Speaking of relationships, I am really looking forward to our staff meeting on Monday. Brenda and David have crafted a wonderful agenda that will allow us time to reflect on our peer visits and discuss collaborative relationships in our classroom. Hopefully you’ve had a chance to review the agenda and the questions we will be discussing, if not, click: Staff Meeting – April 10I took some time on Friday to think about the questions, however I changed the word classroom to the word school. It was a great activity which had me reflecting on the hard work and fun times that have occurred to date, thanks Brenda for designing such a great activity. I am also looking forward to hearing about this round of peer observations and if the changes we made have had a positive impact on your learning. Remember we will have time to debrief so please come prepared to share with your group. We will provide some question stems for you to use if you choose to do so. As you look at the questions, think about how these types of questions could be used in your classroom, maybe teacher-to-student first, but ideally, student-to-student. 

Teaching through relationships passes the student through that mystical threshold when formal knowledge leads to hidden knowledge. What is hidden is the process of discovery itself and the connections between thought, everyday life, and other seemingly unrelated ideas and disciplines. When students are able to make this connection via “teaching through relationships,” they begin to see themselves as co-learners along with their teachers, as well as with the greatest minds in history.

-Stacey Goodman

That quote comes from that attached article, found here, and it speaks to the importance of teaching through relationships. If you have time to give it a read, please do so, and if you can, I’d love to hear your thoughts about any connections you’ve made between it and what we discuss on Monday afternoon.

Here’s what lies ahead for the week:

Monday:

  • Bruce away (am only), appointment
  • Spring Arts (matinee)
  • Staff Meeting (home ec lab)

Tuesday:

  • Spring Arts (evening performance)

Wednesday:

  • Pizza lunch

Thursday:

  • 9 – 12 progress reports sent home
  • Locker/desk clean out (schedule will be posted)

Friday:

  • Good Friday
  • Gym in use for private function

 

As  always, create a great week.

 

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April 3rd – April 7

The rain and sunshine combined for a beautiful weekend, even if it was a bit windy. I hope you were able to enjoy your time, whether it was starting your spring cleaning or just spending time with your family. We are now into April, which is hard to believe, and are on the way to our Easter break. April also brings Spring Arts, and Joanne has been working tirelessly with the students to create what I am sure will be a wonderful experience, thank you Joanne for everything you are doing. Just a reminder that the gym is now closed for the next week and a half so your gym time will be impacted. Please feel free to take your students to the MB Church, however they would appreciate a heads up call prior to coming over (945-2149).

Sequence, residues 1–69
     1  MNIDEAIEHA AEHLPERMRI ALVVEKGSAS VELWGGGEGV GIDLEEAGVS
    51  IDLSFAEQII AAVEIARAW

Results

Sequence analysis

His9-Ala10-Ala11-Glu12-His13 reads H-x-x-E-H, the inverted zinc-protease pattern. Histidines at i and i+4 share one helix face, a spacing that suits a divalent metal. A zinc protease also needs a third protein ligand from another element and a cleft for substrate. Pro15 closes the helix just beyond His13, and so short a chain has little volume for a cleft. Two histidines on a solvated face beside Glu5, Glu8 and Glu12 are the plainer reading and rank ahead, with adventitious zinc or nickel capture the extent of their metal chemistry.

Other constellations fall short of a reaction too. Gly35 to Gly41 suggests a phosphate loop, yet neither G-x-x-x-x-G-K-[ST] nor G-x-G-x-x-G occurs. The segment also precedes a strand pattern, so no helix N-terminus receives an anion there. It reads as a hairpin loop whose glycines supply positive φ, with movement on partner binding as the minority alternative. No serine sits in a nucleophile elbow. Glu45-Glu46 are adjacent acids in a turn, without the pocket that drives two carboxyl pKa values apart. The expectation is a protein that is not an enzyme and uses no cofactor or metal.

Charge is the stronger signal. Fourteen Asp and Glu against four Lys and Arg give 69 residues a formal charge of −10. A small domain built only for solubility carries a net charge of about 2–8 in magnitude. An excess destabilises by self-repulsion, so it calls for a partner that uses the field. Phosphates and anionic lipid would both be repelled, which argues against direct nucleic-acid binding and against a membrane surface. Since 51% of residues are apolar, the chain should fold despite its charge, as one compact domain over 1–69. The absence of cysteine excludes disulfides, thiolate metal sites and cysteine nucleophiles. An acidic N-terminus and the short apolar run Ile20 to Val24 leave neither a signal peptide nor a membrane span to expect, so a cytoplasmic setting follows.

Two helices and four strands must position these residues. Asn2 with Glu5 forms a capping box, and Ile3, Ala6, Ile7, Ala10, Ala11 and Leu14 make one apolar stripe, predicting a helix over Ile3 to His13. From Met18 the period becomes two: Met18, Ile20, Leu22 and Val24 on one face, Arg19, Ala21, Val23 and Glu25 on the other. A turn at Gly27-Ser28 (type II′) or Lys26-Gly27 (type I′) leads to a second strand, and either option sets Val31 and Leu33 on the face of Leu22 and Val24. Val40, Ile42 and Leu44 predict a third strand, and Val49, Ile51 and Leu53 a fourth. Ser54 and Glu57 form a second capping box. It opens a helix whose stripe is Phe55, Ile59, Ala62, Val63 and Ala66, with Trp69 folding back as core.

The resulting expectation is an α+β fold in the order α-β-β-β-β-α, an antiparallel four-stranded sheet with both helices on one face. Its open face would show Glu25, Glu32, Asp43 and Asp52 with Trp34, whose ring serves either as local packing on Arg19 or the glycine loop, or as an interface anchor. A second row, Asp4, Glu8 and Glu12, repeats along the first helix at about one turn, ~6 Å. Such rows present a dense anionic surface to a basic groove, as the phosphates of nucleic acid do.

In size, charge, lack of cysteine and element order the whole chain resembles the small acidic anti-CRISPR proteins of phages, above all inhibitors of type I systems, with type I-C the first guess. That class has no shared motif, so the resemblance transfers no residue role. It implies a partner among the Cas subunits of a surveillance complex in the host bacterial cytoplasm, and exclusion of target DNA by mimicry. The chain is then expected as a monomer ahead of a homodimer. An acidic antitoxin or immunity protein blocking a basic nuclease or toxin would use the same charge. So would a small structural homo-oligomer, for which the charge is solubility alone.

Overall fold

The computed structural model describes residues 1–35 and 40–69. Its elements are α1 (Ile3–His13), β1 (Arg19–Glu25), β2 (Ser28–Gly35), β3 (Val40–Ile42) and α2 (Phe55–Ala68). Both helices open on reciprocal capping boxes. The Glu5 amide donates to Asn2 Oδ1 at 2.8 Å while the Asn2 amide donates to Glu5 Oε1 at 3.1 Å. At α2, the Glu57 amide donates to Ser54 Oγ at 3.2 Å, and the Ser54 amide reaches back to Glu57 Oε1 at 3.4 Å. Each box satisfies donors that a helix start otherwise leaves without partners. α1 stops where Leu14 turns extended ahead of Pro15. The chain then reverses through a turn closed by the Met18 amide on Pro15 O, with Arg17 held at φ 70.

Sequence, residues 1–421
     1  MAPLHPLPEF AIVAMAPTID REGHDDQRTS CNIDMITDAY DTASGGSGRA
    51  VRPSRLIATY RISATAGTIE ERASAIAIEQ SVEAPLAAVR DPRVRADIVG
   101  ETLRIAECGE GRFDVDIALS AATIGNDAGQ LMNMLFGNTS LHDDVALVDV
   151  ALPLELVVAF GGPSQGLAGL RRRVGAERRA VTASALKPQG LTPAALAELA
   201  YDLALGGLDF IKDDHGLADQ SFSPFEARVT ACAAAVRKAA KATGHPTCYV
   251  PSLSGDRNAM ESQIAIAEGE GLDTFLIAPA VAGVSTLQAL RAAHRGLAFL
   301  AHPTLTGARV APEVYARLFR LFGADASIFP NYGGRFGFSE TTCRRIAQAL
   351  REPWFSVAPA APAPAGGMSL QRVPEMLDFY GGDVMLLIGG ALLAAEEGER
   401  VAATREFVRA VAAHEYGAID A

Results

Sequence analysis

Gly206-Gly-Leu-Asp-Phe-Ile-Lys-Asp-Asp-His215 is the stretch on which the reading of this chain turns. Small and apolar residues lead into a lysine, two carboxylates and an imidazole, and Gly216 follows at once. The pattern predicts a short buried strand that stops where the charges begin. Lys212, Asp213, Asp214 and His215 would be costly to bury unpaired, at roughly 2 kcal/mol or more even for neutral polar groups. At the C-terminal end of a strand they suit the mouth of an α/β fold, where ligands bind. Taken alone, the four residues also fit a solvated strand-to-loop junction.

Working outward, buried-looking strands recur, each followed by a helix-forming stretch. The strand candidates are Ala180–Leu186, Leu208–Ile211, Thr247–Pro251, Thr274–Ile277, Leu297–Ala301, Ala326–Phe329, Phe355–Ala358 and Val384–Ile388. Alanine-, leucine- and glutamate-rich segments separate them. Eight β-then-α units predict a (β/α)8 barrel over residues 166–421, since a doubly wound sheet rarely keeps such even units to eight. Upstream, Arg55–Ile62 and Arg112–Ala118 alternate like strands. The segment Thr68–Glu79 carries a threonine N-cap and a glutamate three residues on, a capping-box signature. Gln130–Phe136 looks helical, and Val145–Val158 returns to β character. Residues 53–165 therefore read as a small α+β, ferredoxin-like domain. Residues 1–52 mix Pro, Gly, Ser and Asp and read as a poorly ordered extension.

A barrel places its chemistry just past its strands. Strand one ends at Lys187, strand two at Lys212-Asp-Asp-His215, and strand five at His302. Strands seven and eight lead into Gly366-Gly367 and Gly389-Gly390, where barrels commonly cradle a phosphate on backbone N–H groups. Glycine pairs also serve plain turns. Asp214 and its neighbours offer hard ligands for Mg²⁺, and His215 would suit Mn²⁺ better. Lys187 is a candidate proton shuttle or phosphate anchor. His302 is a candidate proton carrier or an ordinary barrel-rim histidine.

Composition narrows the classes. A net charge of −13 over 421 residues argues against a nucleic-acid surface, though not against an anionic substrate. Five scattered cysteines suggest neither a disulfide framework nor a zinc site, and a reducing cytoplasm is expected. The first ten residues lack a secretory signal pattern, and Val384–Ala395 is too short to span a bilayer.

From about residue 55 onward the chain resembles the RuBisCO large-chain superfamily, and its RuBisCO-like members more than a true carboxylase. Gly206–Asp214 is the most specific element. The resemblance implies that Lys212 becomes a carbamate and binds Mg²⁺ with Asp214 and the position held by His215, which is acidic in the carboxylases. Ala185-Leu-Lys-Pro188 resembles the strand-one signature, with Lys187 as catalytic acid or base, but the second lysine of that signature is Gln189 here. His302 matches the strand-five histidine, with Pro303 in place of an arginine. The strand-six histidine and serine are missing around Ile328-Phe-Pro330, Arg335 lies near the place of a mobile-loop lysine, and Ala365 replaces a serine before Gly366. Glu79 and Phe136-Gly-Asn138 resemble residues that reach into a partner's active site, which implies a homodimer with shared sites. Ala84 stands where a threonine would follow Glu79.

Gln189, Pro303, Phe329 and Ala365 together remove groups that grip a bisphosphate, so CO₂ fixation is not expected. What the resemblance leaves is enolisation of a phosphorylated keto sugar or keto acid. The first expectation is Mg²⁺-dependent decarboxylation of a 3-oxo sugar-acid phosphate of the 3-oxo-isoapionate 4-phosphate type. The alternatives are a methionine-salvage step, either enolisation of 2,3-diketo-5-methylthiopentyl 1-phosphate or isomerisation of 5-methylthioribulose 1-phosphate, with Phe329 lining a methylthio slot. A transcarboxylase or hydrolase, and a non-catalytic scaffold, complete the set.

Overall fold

This is going to be a busy week with a lot of adult learning taking place as we go into our second round of peer observations. Hopefully you were able to come up with some clear targets for your peers to observe and give you feedback on and this process will prove valuable for you. I’d love to hear about your targets and what some of the feedback was that you received. As you know, we are spending some time at our next staff meeting to debrief, but please feel free to have these learning conversations whenever it suits you. Something I’ve been thinking about is having a principal from another school come and observe me and tour the school, hopefully leading to some reflective questioning. While I was in Prince Albert, I lead a break out session on peer observations, and one of the keynote speakers (@casas_jimmy) challenged me to think about doing this. I’m paraphrasing,  but he said, it is important to be open to having others walk beside us on our learning journey, giving us feedback along the way. This way we are modeling to the students the desire to constantly improve in our profession. I really hope you enjoy the peer observations!

As I walk the halls and visit classrooms, I am excited to see a lot of feedback occurring. I’ve seen this in the form of teacher-to-student, and student-to-student, and the focus has usually been on celebrating things done well. This is great, as people always like to hear about a job well done, but what about the feedback on the failures? The following video highlights the work being done at an art school in the United States, and it emphasizes the importance of embracing failure. Have a look, I’d love to hear your thoughts.  Video

Here is what lies ahead this week:

Monday:

  • Day one of our peer observations
  • Krysten at secondary science ILO
  • Welcome back Dwayne!
  • Spring Arts practices in the gym begin

Tuesday:

  • Bruce & David away at ALT meeting
  • Sharlene at literacy ILO
  • Day two of our peer observations

Wednesday:

  • Day three of our peer observations
  • Joanne at Resonate

Thursday:

  • Grade 9 – 12 progress reports & comments due to the office

Friday:

  • Day in lieu (enjoy!)

 

As always, create a great week!

 265 total views